I know I sound like a party pooper at times with my comments about saving money by DIY gear making. In general, I think the cost savings is an elusive achievement.
Quite a while ago I came across a book which illustrates my point very effectively. I doubt it is still in print as it was one of those mock-u-mentory books. The title was "How to build a $100,000 house for $250,000." It started from the basic beginning, (buying land) and followed the process through to the completion of the house (in the third location purchased for said house) all the while touting the wonderful savings you would experience during the process. Needless to say, the carnival of errors outlined in the book were intended to be humorous but did bear a striking validity in the grand scheme of things.
My first hammock was cheap-o Wal-Mart fabric bin hammock (when Wal-Mart still sold fabric.) It was a screaming disaster. I already had all the tools and equipment in my wife's sewing shop. So the "savings" would be significant right?. I had been sewing for years so I knew my way around the thread injector. But the design was fatally flawed. (Too short, too narrow too this, too that and other 2's thrown in. So... $9.00 was down the tubes. Still... not a bad step into the world of cost savings. The second hammock (after reading more about DIY hommocks here) was only a mitigated disaster. I did manage to make another cheapo WW fabric hammock the proper length and a better width. But not a good fabric choice all in all. Now I don't remember what the problem was. It was a while ago. It would work as a hammock but not a nicely as I had heard they should. So I started again. (Another $12 down the tubes.) Up to $$21 for the project so far. Still not bad for saving a ton of money right? (so far I was under the cheapest commercial hammock but still no suspension. ) My third hammock was more successful. The fabric was not WW cheapo. It was Joanne bargain bin but still upwards of $3 a yard. I finally reached the end result of a good basic top loading hammock at a cumulative cost of around $45. Adding in a substandard suspension (because I was going to save money) I was in the neighborhood of $60 total. Three sets of cheap webbing later (stretch, breakage and wear) and I was looking at an investment bordering on the $90 threshold.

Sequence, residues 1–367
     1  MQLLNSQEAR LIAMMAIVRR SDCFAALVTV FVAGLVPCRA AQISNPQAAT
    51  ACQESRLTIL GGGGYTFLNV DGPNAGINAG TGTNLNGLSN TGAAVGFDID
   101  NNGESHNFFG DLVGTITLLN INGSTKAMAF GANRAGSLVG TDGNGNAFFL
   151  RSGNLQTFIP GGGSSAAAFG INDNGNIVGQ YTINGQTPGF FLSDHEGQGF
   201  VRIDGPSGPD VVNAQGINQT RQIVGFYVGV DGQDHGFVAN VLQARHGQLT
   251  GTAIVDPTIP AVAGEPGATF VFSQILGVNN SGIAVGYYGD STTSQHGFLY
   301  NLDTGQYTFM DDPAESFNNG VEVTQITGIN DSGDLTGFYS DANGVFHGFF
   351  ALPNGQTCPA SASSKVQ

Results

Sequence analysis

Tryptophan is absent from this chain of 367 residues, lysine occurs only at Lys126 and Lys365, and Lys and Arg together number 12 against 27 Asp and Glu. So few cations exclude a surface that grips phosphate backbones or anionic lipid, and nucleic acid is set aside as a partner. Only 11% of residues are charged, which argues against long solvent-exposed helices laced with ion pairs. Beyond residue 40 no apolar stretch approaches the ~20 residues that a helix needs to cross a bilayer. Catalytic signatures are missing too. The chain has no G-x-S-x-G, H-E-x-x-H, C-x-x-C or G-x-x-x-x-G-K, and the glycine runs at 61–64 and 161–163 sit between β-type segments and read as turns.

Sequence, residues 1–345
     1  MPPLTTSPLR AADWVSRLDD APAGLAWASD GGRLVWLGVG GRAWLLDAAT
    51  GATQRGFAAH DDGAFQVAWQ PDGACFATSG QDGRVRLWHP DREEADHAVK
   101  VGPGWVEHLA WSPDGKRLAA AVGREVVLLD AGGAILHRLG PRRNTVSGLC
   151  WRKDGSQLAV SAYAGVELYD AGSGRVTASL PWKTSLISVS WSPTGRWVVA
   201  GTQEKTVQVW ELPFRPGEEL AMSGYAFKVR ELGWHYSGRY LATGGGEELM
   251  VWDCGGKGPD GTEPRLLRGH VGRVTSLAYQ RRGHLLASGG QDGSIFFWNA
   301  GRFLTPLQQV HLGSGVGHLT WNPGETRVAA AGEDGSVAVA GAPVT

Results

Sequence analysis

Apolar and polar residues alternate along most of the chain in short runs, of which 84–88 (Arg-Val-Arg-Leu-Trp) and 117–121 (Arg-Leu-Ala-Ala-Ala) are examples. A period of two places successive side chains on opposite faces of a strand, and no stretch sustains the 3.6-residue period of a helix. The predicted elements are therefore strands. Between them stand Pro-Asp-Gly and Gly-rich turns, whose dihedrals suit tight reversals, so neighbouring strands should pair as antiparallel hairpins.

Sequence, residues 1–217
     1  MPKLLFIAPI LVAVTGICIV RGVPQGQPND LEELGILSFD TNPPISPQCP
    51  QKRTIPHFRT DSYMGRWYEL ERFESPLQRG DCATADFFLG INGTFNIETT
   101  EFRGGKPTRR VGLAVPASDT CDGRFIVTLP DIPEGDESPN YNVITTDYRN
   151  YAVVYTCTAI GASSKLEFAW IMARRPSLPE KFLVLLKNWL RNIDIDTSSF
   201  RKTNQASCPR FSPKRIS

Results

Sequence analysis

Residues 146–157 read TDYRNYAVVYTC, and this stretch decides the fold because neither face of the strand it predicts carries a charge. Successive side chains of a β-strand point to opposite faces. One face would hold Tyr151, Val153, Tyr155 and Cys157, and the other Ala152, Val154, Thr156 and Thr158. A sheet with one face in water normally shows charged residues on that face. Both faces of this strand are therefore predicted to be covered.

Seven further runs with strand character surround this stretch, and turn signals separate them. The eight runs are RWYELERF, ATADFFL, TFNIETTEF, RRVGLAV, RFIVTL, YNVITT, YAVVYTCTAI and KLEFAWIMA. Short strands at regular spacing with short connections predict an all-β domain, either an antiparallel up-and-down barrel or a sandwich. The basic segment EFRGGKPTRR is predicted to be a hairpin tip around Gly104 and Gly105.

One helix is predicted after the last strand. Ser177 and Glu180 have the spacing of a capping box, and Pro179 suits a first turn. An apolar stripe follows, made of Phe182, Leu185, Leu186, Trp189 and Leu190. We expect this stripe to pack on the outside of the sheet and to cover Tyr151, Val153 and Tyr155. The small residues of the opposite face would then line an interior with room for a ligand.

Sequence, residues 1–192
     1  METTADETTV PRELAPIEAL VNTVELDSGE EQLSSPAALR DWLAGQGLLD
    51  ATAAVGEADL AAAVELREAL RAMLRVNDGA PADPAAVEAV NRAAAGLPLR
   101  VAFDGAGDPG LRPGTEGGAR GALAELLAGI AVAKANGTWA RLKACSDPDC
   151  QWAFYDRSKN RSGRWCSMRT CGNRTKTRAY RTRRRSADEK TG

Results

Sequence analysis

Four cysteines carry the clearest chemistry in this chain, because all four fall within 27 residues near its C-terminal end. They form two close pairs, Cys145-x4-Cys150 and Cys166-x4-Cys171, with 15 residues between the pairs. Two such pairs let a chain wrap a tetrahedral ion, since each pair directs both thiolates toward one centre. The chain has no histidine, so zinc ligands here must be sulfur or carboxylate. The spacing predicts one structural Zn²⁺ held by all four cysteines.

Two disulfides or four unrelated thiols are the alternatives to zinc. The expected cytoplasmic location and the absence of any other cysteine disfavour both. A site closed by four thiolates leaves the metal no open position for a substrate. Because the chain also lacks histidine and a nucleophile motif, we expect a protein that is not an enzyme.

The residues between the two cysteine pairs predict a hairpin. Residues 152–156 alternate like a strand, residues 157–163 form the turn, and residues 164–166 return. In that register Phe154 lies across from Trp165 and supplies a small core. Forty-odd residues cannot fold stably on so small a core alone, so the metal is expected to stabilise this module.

Still no bugnet. A requirement for me and my needs. I'm sure by now you can see where I am going. Later I bought a Skeeter Beeter for my daughter for ~$60 (less than I had invested in my own projects.) It was complete with bugnet and a suspension (not a satisfactory one it turns out but more seviceable than my earlier attempts.)
Let's just say I could have purchased a reasonable system with bugnet, ready and professionally made for less than I invested in all my attempts. I have not even touched on my foray into Bridge hammocks nor charged anything off to my labor.
Do I regret the efforts? Not at all. Did I have fun? Tons of it. Did I save money? Not a penny. Is my experience unusual? I doubt it.
This is not a condemnation of DIY. I've been a contributing member of the DIY forums for a long time and I don't plan to stop now. But the myth of cost savings is out there and still in top form. I'm just suggesting it is an elusive beast.